There is a level of awareness and joy attained by the farmer who is appreciative of, and who understands, the beauty he perceives in what he is doing. Every true farmer can vividly describe some personal aesthetic experiences that have occurred to him on his farm at one time or another. These are gentle, joyful memories that visit and comfort him on his death bed and ease his departure from this life.
I know a farmer who signed a gas lease a few years ago without being made aware of the risks, consequences, and sacrifices that he would have to face and endure. When the heavy equipment that the lease permitted on his land arrived and began to knock down many of his large oak trees, which he had often climbed as a boy, he immediately felt the loss of the goodness that those beautiful trees had generously provided him throughout his life. When he watched the simple, single-file cow path being replaced by a wide, permanent, industrial road across his wild-flowered meadow, his sense of loss was magnified. When the slow seepage entered the aquifer and finally contaminated his and his neighbors’ water wells forever, he was overcome with deep regret for signing that complicated, deceptive gas lease; but it was too late.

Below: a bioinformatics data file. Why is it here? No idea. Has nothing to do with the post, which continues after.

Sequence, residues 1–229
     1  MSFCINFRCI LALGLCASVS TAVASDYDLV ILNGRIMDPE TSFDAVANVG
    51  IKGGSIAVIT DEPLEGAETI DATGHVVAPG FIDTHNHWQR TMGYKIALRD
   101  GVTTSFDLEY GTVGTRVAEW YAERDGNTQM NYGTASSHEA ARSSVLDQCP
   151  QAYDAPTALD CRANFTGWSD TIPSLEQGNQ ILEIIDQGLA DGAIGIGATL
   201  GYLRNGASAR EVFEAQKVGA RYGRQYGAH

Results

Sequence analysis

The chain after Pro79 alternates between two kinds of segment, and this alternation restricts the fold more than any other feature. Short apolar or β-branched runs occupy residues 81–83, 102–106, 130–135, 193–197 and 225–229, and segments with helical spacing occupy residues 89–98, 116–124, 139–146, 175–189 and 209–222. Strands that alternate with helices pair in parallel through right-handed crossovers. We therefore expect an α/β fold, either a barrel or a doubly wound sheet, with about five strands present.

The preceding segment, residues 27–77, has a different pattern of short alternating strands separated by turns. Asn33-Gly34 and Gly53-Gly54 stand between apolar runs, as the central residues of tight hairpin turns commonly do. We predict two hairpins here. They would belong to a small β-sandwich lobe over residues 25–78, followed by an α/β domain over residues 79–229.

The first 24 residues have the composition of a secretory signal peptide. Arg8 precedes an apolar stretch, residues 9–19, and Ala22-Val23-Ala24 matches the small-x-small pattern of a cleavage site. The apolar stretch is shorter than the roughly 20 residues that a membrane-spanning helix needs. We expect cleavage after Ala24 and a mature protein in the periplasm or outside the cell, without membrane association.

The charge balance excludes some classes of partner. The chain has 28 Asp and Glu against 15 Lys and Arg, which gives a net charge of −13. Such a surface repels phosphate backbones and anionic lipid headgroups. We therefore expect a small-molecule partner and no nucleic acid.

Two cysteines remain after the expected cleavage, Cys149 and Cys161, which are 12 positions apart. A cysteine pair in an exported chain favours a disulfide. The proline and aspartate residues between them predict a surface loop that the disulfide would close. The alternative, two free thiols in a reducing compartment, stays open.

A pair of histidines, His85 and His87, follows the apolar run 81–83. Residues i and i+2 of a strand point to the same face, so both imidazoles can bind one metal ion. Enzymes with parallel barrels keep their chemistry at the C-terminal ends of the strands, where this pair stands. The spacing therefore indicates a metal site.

We are conditioned by our greedy, competitive society to try to get as much money as we can get. People who read their Bibles are warned over and over again in the pages of this Good Book to resist this temptation. Yet in our local communities, thousands of hypocrites willingly signed leases in order to become rich despite all the warnings about the serious consequences of signing.
In the solitude of his fields, the sensitive farmer concludes that happiness dwells in the beauty of true virtue. Gratitude, simplicity and humility make up the content of his character, and he clearly realizes that he doesn’t need to be given a lot of money to be rich.